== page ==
You have probably never heard of German architect Frei Otto, but you’ll know his buildings. If you are not familiar with Otto’s own astonishing creations, surely you know airy canopies like London’s 02 Arena that are directly inspired by his discoveries and designs.
1972 Olympic Stadium, Munich, Germany
Probably Otto’s most famous creation, this airy net stretched over the buildings of the Olympic park was like nothing the Olympics – or the world – had ever seen before. The suspended membrane floats over the stadium and clearly demonstrates Otto’s various inspirations: https://www.nytimes.com/2015/03/11/arts/design/frei-otto-architect-who-found-inspiration-in-a-post-war-shortage-dies-at-89.html a soap bubble, a spider’s web, or the delicate strength of an insect’s wing.
1980 Aviary, Munich Zoo, Germany
This extraordinary fine steel mesh gives the impression of a cage-free environment. Strong enough to support a man’s weight yet virtually invisible, this innovative structure shows that a tensile canopy can work even when you’re barely aware it’s there.
1974 Multihalle, Mannheim, Germany
Otto often said that his architecture was an attempt to move away from the heavy monumental structures of the Third Reich. In the innovative and unique timber lattice roof of the Mannheim Multihalle, he achieved his goal. Still the largest self-supporting grid shell structure in the world, its sensuous, flowing, organic form was created for a horticultural exhibition and was listed as a historical monument in 1998.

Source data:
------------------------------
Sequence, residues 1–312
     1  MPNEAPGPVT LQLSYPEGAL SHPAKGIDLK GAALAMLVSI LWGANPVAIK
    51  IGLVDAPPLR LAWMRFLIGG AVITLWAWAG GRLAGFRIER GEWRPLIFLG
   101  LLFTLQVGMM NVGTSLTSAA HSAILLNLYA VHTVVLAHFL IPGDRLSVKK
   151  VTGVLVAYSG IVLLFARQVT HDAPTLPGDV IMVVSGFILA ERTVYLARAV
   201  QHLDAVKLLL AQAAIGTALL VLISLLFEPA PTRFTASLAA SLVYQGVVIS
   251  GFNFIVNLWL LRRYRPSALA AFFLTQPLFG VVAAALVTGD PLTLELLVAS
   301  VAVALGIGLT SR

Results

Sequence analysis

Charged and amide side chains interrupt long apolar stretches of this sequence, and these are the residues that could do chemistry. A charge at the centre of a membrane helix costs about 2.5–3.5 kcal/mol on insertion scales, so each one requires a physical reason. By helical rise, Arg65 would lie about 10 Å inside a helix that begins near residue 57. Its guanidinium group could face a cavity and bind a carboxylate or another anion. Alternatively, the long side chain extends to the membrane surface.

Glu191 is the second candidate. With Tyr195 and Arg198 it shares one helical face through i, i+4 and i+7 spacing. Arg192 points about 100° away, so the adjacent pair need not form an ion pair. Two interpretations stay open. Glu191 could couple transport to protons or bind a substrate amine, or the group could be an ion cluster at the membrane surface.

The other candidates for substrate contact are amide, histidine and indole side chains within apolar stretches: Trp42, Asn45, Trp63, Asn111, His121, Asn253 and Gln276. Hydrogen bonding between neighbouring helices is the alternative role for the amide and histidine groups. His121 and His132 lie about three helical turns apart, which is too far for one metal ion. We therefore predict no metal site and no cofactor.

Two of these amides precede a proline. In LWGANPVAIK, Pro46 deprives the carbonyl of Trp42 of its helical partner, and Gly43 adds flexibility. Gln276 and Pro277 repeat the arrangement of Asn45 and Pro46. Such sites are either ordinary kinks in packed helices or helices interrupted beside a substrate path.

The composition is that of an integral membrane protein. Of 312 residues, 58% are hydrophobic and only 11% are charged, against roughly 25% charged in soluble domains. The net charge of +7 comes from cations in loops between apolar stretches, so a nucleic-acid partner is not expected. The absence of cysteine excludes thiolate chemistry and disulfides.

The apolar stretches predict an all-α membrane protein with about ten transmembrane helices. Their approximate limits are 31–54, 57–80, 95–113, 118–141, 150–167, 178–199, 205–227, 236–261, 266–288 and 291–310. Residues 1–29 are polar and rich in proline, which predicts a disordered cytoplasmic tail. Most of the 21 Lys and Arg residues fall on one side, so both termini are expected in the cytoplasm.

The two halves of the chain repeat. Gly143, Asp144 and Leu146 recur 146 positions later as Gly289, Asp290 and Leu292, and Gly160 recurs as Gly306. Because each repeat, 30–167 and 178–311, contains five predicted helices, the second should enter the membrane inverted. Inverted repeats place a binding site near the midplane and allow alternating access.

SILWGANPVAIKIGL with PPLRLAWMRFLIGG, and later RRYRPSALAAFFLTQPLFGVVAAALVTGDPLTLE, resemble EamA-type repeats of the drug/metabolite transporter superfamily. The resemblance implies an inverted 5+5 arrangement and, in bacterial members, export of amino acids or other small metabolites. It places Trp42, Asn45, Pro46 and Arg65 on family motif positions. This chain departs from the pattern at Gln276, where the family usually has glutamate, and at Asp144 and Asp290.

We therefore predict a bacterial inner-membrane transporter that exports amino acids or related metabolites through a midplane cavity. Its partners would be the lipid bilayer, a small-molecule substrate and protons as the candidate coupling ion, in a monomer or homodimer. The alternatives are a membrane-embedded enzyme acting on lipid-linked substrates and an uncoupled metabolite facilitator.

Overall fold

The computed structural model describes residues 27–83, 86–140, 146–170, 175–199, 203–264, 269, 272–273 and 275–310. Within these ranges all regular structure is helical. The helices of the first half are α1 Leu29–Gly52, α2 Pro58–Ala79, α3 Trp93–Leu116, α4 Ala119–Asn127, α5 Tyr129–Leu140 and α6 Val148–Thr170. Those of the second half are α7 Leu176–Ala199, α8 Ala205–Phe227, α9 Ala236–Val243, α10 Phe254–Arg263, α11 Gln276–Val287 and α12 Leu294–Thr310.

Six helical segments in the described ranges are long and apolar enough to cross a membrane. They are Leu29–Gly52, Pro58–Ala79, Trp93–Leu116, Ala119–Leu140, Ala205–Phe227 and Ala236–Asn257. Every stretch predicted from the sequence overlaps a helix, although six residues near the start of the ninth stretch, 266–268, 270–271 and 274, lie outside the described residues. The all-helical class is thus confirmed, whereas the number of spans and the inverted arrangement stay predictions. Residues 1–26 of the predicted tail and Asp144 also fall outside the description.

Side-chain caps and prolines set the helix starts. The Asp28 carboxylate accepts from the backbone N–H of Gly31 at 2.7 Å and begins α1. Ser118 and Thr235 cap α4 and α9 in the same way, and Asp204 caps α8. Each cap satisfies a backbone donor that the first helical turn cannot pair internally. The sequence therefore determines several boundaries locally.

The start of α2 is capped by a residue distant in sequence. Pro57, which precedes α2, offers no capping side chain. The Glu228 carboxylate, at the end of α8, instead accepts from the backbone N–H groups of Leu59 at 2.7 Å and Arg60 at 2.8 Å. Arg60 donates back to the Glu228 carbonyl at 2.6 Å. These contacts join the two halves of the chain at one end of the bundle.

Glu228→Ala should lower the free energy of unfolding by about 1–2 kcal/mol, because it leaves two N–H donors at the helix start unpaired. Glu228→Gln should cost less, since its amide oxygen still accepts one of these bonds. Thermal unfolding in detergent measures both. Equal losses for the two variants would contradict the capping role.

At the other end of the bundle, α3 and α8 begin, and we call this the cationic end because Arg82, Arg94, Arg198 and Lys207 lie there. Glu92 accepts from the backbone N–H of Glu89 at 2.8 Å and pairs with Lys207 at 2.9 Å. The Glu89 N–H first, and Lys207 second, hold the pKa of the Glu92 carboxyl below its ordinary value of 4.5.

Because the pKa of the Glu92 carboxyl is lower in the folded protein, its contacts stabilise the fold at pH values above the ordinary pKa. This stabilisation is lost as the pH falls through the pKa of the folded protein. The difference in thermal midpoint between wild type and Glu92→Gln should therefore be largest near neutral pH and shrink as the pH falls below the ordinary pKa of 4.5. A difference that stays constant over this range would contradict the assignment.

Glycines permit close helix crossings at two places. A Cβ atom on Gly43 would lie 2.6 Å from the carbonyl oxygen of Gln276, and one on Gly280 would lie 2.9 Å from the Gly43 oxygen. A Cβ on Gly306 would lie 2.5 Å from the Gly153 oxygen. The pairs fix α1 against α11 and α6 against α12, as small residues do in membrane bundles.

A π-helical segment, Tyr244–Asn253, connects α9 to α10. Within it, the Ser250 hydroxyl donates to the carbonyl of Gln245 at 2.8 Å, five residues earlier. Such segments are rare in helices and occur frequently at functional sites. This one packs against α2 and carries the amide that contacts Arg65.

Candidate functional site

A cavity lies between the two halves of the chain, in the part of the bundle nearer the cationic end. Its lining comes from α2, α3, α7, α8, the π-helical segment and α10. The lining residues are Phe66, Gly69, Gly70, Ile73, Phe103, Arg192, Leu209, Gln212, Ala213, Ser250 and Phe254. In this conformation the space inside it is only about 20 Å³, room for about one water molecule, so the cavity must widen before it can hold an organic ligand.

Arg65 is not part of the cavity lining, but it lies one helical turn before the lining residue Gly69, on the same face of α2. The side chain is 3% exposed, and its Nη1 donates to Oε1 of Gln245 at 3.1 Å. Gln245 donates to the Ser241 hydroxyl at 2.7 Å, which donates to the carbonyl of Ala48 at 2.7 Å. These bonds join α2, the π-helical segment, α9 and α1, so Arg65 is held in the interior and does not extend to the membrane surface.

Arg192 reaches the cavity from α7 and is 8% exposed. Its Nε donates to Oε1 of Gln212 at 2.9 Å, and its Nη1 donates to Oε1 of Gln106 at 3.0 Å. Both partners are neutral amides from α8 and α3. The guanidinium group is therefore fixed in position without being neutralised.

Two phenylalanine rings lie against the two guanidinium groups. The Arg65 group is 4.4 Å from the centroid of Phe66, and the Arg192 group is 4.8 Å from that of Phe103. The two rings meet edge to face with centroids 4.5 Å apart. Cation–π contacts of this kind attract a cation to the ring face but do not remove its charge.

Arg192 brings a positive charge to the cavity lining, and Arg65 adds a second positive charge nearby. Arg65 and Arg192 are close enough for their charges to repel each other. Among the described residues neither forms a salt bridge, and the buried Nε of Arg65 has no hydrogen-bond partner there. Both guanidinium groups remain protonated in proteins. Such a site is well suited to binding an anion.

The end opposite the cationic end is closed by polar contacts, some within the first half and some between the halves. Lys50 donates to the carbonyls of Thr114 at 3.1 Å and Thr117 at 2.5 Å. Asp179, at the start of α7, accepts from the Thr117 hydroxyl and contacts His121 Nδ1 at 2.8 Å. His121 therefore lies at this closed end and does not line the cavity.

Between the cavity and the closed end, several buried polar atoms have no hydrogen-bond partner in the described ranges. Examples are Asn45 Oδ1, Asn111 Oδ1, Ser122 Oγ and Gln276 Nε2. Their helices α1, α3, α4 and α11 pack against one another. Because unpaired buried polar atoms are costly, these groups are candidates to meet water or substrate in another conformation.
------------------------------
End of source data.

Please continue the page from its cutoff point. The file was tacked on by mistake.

1967 German Pavilion, International and Universal Exposition, Montreal, Canada
This tensile membrane design was engineered in Germany and then shipped to Canada. A web of cable and net that was fastened to eight slender steel masts, this was the first tented structure ever used in such an exhibition and was noted for its airy gracefulness and sheer originality. This kind of canopy has been extraordinarily influential and can be recreated today by companies like http://fabricarchitecture.com/ for use in entertainment, retail and display installations.
2000, Japan Paper Pavilion, Expo 2000, Hanover, Germany
Otto had been a prisoner of war for two years in France during WWII and had learned to build something from virtually nothing. His interest in light footprint and inexpensive structures, often impermanent, reached its peak in the Japan Paper Pavilion, a grid structure made of recyclable paper tubes and covered with a paper textile. Beautiful, strong and completely ephemeral, the structure was eventually dismantled and recycled as it had been designed to do.